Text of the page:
The Syringe Exchange Program Specialist will be responsive to the technical assistance and training needs of California Syringe Exchange Programs and Local Health Jurisdictions. Candidates must possess organizational skills, training and technical assistance expertise and hands on experience with community-based syringe access. Experience with community organizing and familiarity with local service providers and communities is preferred. Ideal candidates are highly organized, independent thinkers with capacity to operationalize systems and streamline information through several projects. HRC values candidates with a strong work ethic, common sense, humor, and a commitment to human rights and social justice issues.
This position is based in Oakland, CA and the salary range is $43,000-46,000.
Responsibilities include coordinating activities related to syringe access, intake of training and technical requests, and individual level plans for syringe exchange program in need; responding to training and technical assistance requests within 48 hours; providing technical assistance on implementation strategies; developing regional, individual and group trainings; maintaining relationships with consultants and contract consultants on an "as needed" basis; attending staff and program meetings; working in tandem with HRC's other projects to organize and consolidate materials, publications, curricula, and fact sheets; and additional duties as required.
To apply, please fax your resume and cover letter to (510) 444-6977. No phone calls please. Deadline for applications is July 21, 2007, so please act quickly if you are interested in the position.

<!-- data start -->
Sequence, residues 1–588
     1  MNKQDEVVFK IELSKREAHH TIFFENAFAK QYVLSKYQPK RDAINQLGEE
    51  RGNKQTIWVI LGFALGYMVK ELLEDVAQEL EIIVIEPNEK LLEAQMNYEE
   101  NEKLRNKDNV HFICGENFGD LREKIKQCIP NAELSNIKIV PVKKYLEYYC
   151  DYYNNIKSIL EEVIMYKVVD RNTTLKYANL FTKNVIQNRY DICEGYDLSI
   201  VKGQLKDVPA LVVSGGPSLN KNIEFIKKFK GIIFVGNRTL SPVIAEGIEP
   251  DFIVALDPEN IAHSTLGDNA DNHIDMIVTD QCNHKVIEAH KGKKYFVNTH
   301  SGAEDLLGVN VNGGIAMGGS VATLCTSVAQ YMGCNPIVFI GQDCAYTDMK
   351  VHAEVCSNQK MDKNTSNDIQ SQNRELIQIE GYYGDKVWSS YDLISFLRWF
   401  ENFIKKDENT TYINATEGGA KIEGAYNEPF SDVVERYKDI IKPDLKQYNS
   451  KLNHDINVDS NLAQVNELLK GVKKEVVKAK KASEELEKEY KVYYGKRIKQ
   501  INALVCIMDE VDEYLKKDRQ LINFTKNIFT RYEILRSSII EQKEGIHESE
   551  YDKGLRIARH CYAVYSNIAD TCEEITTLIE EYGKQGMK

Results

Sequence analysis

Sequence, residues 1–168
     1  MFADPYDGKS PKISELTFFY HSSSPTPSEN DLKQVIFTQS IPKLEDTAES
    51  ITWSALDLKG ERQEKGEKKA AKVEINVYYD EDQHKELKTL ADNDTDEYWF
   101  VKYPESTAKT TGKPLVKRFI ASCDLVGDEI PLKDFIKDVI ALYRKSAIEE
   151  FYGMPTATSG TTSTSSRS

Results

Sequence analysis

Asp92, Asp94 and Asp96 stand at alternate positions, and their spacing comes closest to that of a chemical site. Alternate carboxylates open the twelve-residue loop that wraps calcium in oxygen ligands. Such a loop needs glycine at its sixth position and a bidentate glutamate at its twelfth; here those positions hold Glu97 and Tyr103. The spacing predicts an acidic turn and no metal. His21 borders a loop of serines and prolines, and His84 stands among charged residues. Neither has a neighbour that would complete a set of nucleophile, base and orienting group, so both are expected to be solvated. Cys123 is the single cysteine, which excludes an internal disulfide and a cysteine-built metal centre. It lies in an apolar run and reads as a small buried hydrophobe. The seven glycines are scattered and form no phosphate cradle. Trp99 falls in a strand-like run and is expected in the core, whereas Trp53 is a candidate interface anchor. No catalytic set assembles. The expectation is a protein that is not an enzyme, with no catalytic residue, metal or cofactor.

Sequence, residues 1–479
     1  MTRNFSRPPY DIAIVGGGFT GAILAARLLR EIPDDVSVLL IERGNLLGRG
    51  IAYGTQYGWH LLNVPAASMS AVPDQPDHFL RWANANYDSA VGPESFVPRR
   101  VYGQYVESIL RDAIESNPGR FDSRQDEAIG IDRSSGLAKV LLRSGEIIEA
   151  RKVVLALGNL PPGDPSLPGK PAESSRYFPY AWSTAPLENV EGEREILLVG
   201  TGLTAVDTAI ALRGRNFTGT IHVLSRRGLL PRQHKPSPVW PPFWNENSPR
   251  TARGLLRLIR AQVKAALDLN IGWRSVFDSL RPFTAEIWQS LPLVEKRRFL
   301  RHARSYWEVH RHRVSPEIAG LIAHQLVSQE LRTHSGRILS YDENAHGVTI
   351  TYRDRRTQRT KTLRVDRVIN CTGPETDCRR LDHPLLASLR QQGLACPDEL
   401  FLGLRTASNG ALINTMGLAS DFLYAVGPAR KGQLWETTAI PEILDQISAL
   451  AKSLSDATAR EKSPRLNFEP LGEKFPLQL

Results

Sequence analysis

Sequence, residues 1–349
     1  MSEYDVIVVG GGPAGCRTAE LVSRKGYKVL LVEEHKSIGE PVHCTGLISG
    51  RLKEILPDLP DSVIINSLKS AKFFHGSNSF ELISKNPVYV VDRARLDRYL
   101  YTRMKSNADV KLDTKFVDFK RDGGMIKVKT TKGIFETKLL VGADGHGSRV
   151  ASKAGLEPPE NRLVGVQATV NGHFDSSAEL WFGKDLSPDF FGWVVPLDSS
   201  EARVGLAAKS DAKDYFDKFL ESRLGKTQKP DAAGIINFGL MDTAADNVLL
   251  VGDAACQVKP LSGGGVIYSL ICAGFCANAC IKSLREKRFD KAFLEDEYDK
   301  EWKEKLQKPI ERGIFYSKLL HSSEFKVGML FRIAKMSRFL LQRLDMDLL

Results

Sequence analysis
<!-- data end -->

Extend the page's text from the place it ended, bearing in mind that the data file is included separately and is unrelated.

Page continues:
People of color, formerly incarcerated people, and people with histories of substance use are encouraged to apply. HRC is EOE and offers a competitive salary with decent health benefits.
The Harm Reduction Coalition (HRC) promotes the health and human rights of people who use drugs by advocating for effective policy responses to fight HIV, hepatitis C, overdose deaths, and drug addiction. Since its inception in 1994, HRC has grown from a small group of syringe exchange activists concerned about preventing HIV, into the leader of a rapidly growing grassroots movement, shaping current public health and drug policy toward practical, compassionate harm reduction interventions. HRC provides technical assistance, training, and capacity building to support existing syringe exchange programs, health departments and community-based organizations in California. The goal is to expand syringe access in rural and urban areas.